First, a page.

Brian Brown is used to hiking through the rain forests of Costa Rica in search of insects.
But when he was challenged to find a new species in Los Angeles, the curator of entomology at the Natural History Museum of Los Angeles couldn't resist. He and his colleagues set up 30 sampling sites in backyards, a school and a community garden across the city and starting trapping flying insects.
A year into the three-year Biodiversity Science: City and Nature project (BioSCAN), they have identified 30 new species of flies. About the size of a fruit fly, these all come species in a single genus, Megaselia, of the fly family Phoridae. The discoveries are being described in the journal Zootaxa, which comes out April 6.
"I always thought we had the potential to discover new species wherever we sample -- urban, tropical, anywhere," Brown said, adding that the first species he examined turned out to be new to science. "But 30 new species from a heavily urbanized area is really astounding."
To come up with the other new species, the paper's lead author Emily Hartop and several other researchers had to wade through 35,000 captured fly specimens. When the petri dishes filled with scores of specimens unfamiliar to the scientists, Hartop brought her payload to Henry Disney at the University of Cambridge, considered the world's leading expert on Megaselia.
"I wasn't happy leaving so much of the samples unidentified," said Hartop, an entomologist at the museum. "I ended up spending a month last summer with Henry Disney and, with his help, I was able to determine that, indeed, I had 30 that were not described. It just sort of happened naturally with my curiosity."
Hartop said the results demonstrate that "we really don't know what insects are around us in urban environments."
"One of the main problems that we see with scientists is that they go to the tropics or beautiful locations where there are lots of interesting questions for them to answer," she said. "They don't necessarily look at what is around their home and workplace. We need to be looking at the ecosystems where we live."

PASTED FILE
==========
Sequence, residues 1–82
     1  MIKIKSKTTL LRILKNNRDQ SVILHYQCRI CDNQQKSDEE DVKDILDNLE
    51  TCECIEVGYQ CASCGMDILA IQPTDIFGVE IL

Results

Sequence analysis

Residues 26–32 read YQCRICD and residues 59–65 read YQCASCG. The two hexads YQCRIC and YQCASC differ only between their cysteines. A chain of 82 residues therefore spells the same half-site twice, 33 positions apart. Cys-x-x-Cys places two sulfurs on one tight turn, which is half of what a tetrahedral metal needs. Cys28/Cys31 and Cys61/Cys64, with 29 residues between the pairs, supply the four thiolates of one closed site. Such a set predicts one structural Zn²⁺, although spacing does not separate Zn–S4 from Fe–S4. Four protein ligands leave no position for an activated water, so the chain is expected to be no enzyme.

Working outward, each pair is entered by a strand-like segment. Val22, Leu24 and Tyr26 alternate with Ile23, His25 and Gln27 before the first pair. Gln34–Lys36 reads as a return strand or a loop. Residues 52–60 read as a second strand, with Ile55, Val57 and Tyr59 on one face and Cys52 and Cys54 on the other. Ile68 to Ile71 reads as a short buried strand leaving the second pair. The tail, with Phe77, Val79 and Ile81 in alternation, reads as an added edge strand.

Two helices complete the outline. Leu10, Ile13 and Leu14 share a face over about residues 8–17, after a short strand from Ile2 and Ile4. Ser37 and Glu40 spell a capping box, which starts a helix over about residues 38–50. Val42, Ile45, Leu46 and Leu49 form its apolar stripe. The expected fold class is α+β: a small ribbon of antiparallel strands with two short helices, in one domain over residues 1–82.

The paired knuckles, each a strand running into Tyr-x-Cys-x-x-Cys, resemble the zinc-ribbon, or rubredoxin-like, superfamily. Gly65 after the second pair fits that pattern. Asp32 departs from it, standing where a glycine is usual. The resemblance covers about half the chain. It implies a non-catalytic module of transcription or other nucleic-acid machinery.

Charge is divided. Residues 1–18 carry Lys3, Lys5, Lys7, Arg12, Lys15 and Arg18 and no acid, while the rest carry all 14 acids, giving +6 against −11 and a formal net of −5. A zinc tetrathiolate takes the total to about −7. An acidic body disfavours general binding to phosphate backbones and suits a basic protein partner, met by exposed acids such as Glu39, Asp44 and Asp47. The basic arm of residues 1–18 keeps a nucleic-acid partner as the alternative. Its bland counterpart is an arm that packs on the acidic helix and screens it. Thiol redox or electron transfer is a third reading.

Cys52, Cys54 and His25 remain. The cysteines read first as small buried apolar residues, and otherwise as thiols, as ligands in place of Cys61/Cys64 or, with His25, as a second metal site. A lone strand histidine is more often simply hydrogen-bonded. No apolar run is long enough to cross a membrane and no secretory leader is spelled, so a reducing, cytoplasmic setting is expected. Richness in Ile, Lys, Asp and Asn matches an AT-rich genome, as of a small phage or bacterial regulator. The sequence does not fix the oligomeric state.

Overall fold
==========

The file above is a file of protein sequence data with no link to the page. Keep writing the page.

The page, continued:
Hartop said the presence of so many flies shouldn't alarm residents. None are considered threats to agriculture or human health and shouldn't be lumped in with the Calliphoridae, those shiny flies that often show up at picnics or buzz around dog poop.
"These flies are not biting flies, disease carrying flies," she said. "There is practically no chance that they will be any sort of a problem."
Still, the researchers said they still don't know enough about the flies including "how they fit into our urban ecosystem."
"The next step is to figure out what are they eating, where are they living and then hopefully down the road we will be able to make some conclusions about some of these species," she said. "Have they been in Los Angeles for a long time? Have they been introduced elsewhere?"
Hartop suspects they could be helping keep the city clean.
"Cities need to have all the organic matter broken down so we have trash that goes away. But we have tons of leaf litter, grass and soil that needs to be continually broken down," Hartop said. "That work all happens by microbes, fungi and insects. In our urban environment, it is likely some of these flies, if not all of them, are playing some sort of role in the breakdown of organic material."
It wouldn't be all that surprising that these tiny creatures are chowing down on urban litter. A study last year in New York found that arthropods - ants, beetles, mites and other small creatures - eat up tons of garbage on the streets of Manhattan. Other studies have looked at the New York's other garbage men, rats, and found a more unsettling conclusion - they carry bubonic plague and other diseases.
The study in Los Angeles is ongoing for another two years and the researchers have dozens of other new insect species - including more fly species - which they expect to announce soon. The discoveries are unlikely to be big insects like butterflies but probably the "small things" like ladybird beetles that are "challenging to study."
"The core goal of the project is to get a better understanding of what actually causes biodiversity to be different inside a city than outside it," Dean Pentcheff, BioSCAN project coordinator at the museum, said. "By looking at the biological diversity in combination with physical changes, we can understand what it is about building a city that changes diversity."